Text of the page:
Messi, *that* humiliating skill & the perfect response from Jerome Boateng
On May 6th, 2015, Lionel Messi scored one of the greatest goals of his glittering career – and with it launched a thousand memes that Jerome Boateng will never live down.
That one moment lives long in the memory, capping off one of the most fascinating, scintillating games in Champions League history.
The first leg of the semi-final at the Camp Nou treated us to a level of football we’d seldom seen before.
We had Barcelona in arguably their most lethal form, lining up with an era-defining front three that collectively registered 122 goals and 66 assists in all competitions.
Then there were Pep Guardiola’s Bayern Munich. The Catalan coach was into his second season in Bavaria and had well and truly integrated his staggeringly sophisticated possession game – he might not have enjoyed European success there, but some consider the football his Bayern side produced to be the best ever seen in the Bundesliga, underlined by their mammoth numbers across three successive title-winning seasons.
Not only was it two truly great sides – surely the best in Europe at the time – but it was a fascinating tactical battle as Guardiola returned to his old ground setting up Bayern with a Bielsa-esque man-marking system that was ludicrously audacious.
“Pep Guardiola is probably the only coach in world football who would do this away at the Nou Camp. I can’t think of any other coach who would employ these tactics,” Gary Neville responded from the commentary box.
“Three v three against Messi, Neymar and Suarez! Everyone else would be thinking how do we double-up on them, protect, screen. Not him.”
Luis Enrique’s side exploited the system time and again, breaking through and creating a number of opportunities that could’ve killed the tie there and then.
“Barca’s front three must feel like kids in a sweet shop,” a perplexed Neville continued. Guardiola could see the system wasn’t working and conceded defeat after 20 minutes, switching back to a more conventional back four and binning off the man-to-man approach.
From there the game developed into a breathless, more balanced affair in which both sides attacked with abandon and spurned chances to open the scoring. It could have gone either way but – incredibly, somehow – stayed scoreless for 77 minutes.
Messi fired home the opening goal from the edge of the box after Dani Alves won the ball back deep into Bayern territory and swiftly fed Barcelona’s talisman. It was a textbook Messi finish and gave Luis Enrique’s side the advantage they craved. From there, the hosts smelled blood.
A couple of minutes later, Messi doubled Barcelona’s lead, twisting one way and another to send Boateng into oblivion before a perfect chipped finish into the back of the net.
Guardiola had switched his tactics by this point but this was the perfect illustration of how brace/suicidal – delete as applicable – it was to try go one-on-one against Barcelona’s No.10.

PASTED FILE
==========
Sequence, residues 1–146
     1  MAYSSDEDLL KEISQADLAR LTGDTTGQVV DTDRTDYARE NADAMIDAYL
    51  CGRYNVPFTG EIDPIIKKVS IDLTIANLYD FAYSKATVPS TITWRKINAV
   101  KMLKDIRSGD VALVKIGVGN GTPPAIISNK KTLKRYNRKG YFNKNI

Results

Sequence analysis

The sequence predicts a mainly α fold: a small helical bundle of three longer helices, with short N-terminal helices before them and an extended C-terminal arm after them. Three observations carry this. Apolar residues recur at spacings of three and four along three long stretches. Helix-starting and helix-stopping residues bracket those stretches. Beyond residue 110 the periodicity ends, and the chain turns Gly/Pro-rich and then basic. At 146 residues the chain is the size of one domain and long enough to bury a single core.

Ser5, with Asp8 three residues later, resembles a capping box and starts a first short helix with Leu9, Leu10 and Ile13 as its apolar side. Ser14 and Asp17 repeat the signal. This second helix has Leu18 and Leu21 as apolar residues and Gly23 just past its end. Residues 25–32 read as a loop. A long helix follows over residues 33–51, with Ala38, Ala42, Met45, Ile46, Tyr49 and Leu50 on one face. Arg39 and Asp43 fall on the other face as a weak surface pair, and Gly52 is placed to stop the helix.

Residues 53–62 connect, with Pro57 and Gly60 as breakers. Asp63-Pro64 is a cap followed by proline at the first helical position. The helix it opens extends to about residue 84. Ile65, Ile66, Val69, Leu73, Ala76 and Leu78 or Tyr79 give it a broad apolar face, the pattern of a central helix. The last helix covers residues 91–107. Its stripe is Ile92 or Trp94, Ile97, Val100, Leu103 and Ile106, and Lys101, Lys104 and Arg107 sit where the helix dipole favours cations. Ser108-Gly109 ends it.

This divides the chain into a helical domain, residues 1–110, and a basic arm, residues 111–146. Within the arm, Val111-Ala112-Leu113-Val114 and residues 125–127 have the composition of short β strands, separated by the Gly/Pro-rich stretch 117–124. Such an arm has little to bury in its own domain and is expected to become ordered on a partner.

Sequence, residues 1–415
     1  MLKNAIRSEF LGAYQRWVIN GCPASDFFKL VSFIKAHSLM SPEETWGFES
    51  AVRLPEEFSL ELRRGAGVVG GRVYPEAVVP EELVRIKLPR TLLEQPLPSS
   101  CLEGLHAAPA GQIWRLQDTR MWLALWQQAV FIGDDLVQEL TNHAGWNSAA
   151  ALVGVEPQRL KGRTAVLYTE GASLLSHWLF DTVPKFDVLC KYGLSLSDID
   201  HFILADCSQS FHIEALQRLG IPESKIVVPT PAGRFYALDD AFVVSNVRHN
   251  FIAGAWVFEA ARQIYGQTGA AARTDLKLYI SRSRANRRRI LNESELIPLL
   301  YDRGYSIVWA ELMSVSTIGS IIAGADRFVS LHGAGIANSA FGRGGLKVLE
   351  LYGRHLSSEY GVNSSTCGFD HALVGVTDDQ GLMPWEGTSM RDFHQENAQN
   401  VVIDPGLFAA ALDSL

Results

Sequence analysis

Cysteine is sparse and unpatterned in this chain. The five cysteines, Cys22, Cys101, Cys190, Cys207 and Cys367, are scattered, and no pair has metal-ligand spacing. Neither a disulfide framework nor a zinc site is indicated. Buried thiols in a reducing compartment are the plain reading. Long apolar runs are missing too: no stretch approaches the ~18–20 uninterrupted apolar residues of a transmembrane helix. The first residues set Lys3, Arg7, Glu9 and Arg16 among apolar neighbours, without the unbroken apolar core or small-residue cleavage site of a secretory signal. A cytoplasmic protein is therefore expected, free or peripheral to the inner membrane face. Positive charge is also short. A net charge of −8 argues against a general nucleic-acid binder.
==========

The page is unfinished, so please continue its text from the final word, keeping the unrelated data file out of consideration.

It’s testament to the quality of the goal that overshadowed a classic Champions League encounter. That it stands out in the very top 1% of Messi’s 800+ career goals. And that he made one of the finest defenders of his generation look like a Sunday league player taking to the pitch after 10 pints the night before.
Boateng was no schmuck. By this point, he’d already stopped Messi as Germany proved triumphant in the 2014 World Cup final. He’d already won one treble with Bayern and would later add a second. The centre-half won the Bundesliga title in all but one of his 10 years at the club.
Sometimes you just have to recognise coming up against greatness. Guardiola, under whom Messi scored 211 goals in 219 appearances, certainly did.
“We had a lot of control but Messi’s talent just made the difference, that just happens,” the Bayern boss responded that night.
“In the end we lost our balance a bit. Barca are a great team and we have some problems.
“It’s impossible to stop him. Nobody can control Messi.”
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READ: An XI of quality players that have been humiliated by Lionel Messi
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Boateng, too, was humble enough to take it in his stride.
“That fall didn’t affect me, I laughed at myself too,” the defender reminisced a year later.
“When you fall or slip and someone scores, it’s something normal, these things happen.
“They happen to me and to other players, these things don’t worry me. For me, Messi is the best player in the world. This is football. I’m a defender, this doesn’t kill me or anything.”
He struck a similar tone during the early weeks of lockdown back in 2020, passing the time by answering questions via the hashtag #AskJerome and responding directly to one of a million queries about how it felt to be made to look so daft by arguably the greatest player in history.
You know what? Fair enough.
The world of football is insanely competitive and full of ego. Suffering that kind of humiliation in such a big game must have stung.
You can imagine a fair few of the sport’s top-paid narcissists sulking, pretending it never happened and instructing their press officers to make sure they’re never asked about it.
Boateng is evidently self-assured enough to own it, accept being bested by the best, and move on. All power to him.
By Nestor Waatch
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